Science

This image made available by NASA on Thursday, May 25, 2017, and made from data captured by the Juno spacecraft shows Jupiter's south pole. The oval features are cyclones, up to 600 miles (1,000 kilometers) in diameter. The cyclones are separate from Jupiter's trademark Great Red Spot, a raging hurricane-like storm south of the equator. The composite, enhanced color image was made from data on three separate orbits. (NASA/JPL-Caltech/SwRI/MSSS/Betsy Asher Hall/Gervasio Robles via AP)
May 25, 2017 - 6:55 pm
CAPE CANAVERAL, Fla. (AP) — Monstrous cyclones are churning over Jupiter's poles, until now a largely unexplored region that is more turbulent than scientists expected. NASA's Juno spacecraft spotted the chaotic weather at the top and bottom of Jupiter once it began skimming the cloud tops last...
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This image made available by NASA on Thursday, May 25, 2017, and made from data captured by the Juno spacecraft shows Jupiter's south pole. The oval features are cyclones, up to 600 miles (1,000 kilometers) in diameter. The cyclones are separate from Jupiter's trademark Great Red Spot, a raging hurricane-like storm south of the equator. The composite, enhanced color image was made from data on three separate orbits. (NASA/JPL-Caltech/SwRI/MSSS/Betsy Asher Hall/Gervasio Robles via AP)
May 25, 2017 - 5:41 pm
CAPE CANAVERAL, Fla. (AP) — Monstrous cyclones are churning over Jupiter's poles, until now a largely unexplored region that is more turbulent than scientists expected. NASA's Juno spacecraft spotted the chaotic weather at the top and bottom of Jupiter once it began skimming the cloud tops last...
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In this Sept. 14, 2014 photo, honeybees work in a hive located in an apple grove at Hartland Orchard, a family farm near the the Blue Ridge Mountains in Markham, Va. A U.S. survey of beekeepers released on Thursday, May 25, 2017 found improvements in the outlook for troubled honeybees. Winter losses were at the lowest levels in more than a decade with only 21 percent of the colonies dying.(AP Photo/J. Scott Applewhite)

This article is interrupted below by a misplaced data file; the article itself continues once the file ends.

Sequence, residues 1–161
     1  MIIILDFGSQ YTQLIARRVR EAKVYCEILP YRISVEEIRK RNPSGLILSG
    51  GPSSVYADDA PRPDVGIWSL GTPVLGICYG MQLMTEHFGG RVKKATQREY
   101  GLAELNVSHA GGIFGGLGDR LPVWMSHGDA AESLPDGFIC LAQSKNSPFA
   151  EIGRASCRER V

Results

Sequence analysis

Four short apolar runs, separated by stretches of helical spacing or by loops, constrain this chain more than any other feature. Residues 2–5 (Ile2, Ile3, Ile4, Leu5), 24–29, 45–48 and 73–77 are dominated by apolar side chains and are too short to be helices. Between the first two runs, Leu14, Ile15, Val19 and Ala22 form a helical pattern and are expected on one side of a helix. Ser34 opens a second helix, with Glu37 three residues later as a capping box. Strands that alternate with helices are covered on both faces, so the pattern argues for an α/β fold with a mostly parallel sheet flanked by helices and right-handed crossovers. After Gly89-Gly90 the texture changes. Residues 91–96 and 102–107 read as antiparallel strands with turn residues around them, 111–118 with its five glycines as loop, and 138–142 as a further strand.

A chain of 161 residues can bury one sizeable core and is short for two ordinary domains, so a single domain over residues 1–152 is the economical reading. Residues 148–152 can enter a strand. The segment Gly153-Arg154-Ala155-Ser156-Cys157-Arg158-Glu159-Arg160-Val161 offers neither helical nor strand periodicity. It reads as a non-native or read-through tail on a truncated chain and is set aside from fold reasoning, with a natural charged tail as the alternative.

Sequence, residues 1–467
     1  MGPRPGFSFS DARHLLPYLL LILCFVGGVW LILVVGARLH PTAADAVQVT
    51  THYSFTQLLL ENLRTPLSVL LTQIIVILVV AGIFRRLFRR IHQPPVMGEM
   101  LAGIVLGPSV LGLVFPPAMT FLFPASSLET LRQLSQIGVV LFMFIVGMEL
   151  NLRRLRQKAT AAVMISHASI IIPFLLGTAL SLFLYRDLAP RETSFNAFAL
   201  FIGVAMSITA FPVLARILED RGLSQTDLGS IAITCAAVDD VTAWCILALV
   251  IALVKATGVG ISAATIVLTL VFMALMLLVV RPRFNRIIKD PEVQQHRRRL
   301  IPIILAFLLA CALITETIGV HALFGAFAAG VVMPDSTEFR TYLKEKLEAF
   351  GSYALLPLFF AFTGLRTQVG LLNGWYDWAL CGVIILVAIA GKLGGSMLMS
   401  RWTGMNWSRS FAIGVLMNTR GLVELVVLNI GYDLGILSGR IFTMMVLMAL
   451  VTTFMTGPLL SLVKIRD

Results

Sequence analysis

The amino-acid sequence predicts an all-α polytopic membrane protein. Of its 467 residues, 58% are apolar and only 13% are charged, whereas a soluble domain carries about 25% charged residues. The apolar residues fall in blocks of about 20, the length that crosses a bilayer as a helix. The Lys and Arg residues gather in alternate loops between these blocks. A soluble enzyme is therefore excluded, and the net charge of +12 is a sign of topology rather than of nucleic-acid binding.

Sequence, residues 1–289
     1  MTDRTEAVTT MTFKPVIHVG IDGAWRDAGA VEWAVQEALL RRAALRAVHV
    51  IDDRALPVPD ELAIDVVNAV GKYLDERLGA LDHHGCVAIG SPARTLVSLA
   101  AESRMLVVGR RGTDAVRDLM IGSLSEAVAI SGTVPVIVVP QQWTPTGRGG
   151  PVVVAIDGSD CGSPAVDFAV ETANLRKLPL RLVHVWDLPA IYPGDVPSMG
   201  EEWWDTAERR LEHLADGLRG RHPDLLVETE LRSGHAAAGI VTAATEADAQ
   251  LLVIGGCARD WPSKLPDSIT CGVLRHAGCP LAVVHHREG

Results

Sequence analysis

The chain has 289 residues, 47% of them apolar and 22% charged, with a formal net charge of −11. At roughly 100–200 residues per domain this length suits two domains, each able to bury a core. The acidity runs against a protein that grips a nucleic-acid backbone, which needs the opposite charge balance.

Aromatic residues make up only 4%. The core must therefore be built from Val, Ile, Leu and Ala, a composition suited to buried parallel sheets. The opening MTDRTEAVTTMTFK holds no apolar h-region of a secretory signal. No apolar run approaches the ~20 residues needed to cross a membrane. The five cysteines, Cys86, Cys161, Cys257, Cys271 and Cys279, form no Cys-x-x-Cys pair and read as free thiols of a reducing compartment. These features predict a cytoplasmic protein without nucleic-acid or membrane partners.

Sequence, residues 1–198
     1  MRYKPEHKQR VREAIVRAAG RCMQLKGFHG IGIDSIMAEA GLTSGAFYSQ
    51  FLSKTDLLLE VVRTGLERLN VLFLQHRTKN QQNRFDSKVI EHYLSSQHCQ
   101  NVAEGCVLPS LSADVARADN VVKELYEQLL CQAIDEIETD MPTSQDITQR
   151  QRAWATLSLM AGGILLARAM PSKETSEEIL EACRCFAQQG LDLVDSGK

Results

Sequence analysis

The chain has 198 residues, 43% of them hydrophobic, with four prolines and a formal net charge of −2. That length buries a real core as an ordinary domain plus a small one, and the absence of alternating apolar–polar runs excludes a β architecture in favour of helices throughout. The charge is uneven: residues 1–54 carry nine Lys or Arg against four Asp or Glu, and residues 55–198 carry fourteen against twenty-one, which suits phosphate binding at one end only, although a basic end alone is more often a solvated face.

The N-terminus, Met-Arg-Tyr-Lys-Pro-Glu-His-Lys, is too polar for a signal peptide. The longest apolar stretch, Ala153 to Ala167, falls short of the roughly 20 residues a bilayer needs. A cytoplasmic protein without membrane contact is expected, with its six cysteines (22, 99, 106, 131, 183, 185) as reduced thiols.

May 25, 2017 - 9:06 am
WASHINGTON (AP) — There's a glimmer of hope for America's ailing honeybees as winter losses were the lowest in more than a decade, according to a U.S. survey of beekeepers released Thursday. Beekeepers lost 21 percent of their colonies over last winter, the annual Bee Informed Partnership survey...
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This photo supplied by Rocket Lab, shows the Electron rocket maneuvers to the launch pad on the Mahia Peninsula in the North Island of New Zealand, Thursday, May 25, 2017. California-based company Rocket Lab said Thursday it had launched a test rocket into space from its New Zealand launch pad, although the rocket didn’t reach orbit as hoped. (Rocket Lab via AP)
May 25, 2017 - 2:13 am
WELLINGTON, New Zealand (AP) — California-based company Rocket Lab said Thursday it had launched a test rocket into space from its New Zealand launch pad, although the rocket didn't reach orbit as hoped. The company said its Electron rocket lifted off at 4:20 p.m. Thursday and reached space three...
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FILE - This April 15, 2017 file photo shows marijuana plants on display at a medical marijuana provider in downtown Los Angeles. A new study released on Wednesday, May 24, 2017 about using a marijuana ingredient to treat epilepsy joins a limited record of scientific knowledge about the harms and benefits of pot. Experts have called for a national effort to learn more about pot and its chemical cousins. (AP Photo/Richard Vogel)